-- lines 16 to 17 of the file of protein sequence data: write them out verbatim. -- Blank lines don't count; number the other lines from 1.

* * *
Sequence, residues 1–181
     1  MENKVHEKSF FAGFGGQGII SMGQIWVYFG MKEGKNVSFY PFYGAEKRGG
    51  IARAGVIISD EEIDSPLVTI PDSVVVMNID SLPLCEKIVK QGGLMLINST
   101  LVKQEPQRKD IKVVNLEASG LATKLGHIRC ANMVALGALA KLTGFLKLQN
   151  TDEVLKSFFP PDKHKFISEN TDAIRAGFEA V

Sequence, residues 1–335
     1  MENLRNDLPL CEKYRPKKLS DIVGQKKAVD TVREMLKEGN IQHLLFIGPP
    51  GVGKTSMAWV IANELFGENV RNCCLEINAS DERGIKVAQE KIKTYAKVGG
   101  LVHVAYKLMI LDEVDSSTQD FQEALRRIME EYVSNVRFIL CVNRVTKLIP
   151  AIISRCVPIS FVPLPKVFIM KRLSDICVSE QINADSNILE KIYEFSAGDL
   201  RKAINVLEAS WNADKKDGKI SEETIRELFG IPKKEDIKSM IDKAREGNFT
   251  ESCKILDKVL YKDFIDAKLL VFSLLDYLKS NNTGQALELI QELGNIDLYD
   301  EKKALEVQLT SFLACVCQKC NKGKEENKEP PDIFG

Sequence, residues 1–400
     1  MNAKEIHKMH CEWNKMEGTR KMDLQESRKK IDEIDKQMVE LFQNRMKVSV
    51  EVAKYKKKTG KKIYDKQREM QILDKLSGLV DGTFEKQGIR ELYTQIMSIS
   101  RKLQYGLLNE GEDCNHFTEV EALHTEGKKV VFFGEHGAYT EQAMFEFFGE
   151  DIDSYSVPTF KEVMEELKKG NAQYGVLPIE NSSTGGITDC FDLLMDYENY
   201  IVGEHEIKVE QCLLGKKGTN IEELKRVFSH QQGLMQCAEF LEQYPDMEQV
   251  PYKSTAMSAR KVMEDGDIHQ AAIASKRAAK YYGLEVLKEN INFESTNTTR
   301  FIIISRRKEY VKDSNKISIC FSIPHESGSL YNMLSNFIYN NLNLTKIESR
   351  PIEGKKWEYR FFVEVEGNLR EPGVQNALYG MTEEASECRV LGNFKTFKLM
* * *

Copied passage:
    51  EVAKYKKKTG KKIYDKQREM QILDKLSGLV DGTFEKQGIR ELYTQIMSIS
   101  RKLQYGLLNE GEDCNHFTEV EALHTEGKKV VFFGEHGAYT EQAMFEFFGE